Hirai kicked things off with a quick and colorful overview of Sony's past accomplishments -- which also served as a lead-in to the soon-to-be-announced new products. Here's the $25,000 84-inch XBR-84X900, the company's first 4K TV, which was released in November. As you'll see, it was about to be joined by two smaller siblings.
...COO Phil Molyneux took the stage and went into the details. The flagship handset boasts a number of high-end features including quad-core processing, a massive 5-inch screen, and a 13-megapixel camera. You can check out CNET Reviews' Hands-On with the device here.
Molyneux also showed off a range of NFC (near field communications)-equipped speakers (or in Sony parlance, "One-Touch" speakers). You touch your phone to the speakers, and they start playing whatever audio is playing on your phone. Here, he brandishes a small spherical speaker. "I carry my pink balls wherever I go in my bag," Molyneux joked. CNET's David Carnoy gives a run-down of the line of speakers here.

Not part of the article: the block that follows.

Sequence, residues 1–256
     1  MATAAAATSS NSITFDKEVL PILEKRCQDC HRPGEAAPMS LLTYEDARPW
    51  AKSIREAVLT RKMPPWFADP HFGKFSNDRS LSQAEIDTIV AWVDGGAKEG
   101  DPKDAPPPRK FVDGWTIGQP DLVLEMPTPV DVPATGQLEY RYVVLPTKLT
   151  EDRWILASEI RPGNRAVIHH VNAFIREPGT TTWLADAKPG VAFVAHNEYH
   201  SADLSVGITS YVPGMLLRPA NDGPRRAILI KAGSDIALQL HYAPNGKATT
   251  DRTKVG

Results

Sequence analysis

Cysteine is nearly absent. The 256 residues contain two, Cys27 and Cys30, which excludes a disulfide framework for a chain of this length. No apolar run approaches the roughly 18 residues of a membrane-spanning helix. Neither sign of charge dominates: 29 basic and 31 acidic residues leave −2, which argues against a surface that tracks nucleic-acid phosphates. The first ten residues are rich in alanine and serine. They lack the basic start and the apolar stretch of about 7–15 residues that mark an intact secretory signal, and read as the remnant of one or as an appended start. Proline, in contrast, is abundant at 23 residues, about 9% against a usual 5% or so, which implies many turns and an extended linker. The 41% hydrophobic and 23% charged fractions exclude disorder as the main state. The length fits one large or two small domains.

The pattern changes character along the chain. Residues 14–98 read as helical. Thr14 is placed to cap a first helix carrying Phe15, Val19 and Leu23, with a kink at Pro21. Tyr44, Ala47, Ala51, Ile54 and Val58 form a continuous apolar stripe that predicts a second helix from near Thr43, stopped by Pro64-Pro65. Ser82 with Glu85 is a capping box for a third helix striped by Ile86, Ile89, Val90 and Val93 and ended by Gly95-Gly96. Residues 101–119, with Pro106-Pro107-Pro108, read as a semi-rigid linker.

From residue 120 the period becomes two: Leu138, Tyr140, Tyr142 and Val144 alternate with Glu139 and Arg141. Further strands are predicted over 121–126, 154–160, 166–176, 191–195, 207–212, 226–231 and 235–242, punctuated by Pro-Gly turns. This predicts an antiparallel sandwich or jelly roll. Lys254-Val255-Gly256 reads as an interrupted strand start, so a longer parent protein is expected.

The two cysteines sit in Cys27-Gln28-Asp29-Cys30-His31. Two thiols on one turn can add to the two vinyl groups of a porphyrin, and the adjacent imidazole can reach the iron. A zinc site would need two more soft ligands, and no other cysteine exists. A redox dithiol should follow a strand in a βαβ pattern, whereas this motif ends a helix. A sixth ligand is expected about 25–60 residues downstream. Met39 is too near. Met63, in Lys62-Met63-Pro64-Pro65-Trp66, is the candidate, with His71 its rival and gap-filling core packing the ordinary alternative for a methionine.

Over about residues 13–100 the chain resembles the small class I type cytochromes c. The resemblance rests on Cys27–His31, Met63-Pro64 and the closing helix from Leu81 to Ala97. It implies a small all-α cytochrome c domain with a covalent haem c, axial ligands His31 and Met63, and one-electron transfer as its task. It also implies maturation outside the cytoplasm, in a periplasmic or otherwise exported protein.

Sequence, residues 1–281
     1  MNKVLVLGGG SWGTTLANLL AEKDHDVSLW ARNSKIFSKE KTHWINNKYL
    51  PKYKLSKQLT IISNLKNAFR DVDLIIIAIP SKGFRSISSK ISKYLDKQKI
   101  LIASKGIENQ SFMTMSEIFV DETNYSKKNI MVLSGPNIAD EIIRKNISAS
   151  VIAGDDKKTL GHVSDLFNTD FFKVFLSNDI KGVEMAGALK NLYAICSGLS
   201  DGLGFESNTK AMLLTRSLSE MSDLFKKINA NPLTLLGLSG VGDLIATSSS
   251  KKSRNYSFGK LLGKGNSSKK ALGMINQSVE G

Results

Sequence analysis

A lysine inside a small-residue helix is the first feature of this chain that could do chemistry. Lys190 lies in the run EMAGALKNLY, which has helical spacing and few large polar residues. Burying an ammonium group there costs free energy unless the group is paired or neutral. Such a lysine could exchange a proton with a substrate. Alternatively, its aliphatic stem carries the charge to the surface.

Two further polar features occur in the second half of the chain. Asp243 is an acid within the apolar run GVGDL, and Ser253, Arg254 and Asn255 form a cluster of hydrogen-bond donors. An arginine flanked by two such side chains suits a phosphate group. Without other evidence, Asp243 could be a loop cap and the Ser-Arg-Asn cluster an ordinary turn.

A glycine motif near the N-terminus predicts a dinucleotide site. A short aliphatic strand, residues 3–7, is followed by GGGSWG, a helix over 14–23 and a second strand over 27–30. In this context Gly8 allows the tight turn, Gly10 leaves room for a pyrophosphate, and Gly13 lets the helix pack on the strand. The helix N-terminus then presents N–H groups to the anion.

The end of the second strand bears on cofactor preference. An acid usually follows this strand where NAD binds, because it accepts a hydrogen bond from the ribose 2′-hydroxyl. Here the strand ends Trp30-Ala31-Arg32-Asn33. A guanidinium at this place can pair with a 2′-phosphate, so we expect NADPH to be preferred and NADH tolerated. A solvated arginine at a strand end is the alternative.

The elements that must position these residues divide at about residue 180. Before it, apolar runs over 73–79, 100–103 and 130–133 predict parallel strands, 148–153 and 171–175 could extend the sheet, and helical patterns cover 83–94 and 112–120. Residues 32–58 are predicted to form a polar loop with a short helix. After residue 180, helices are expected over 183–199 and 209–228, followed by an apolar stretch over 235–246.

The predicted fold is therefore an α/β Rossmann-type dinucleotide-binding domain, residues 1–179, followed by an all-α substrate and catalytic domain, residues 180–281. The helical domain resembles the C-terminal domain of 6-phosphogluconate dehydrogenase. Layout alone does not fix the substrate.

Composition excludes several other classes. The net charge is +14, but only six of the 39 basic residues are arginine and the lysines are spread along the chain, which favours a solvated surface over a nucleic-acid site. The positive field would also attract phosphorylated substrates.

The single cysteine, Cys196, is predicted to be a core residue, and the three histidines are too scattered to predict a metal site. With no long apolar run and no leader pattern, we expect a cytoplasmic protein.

Molyneux said Sony's $25,000, 84-inch XBR-84X9004K TV has been well received, but that it's not for everyone. (No kidding.) This spring we'll see 55- and 65-inch models, at what Sony says will be prices similar to those of today's normal high-end TVs. Check out CNET Reviews' take on those two sets here.
Kaz returned to the stage to tout a prototype 4K OLED set, but misfortune struck when it wound up displaying a BIOS screen. It was promptly whisked away as Kaz said "excellent" with heavy sarcasm. The TV then displayed some Windows UI gobbledygook before disappearing again. It was a major embarrassment -- a shame because the set had inspired gasps in the audience.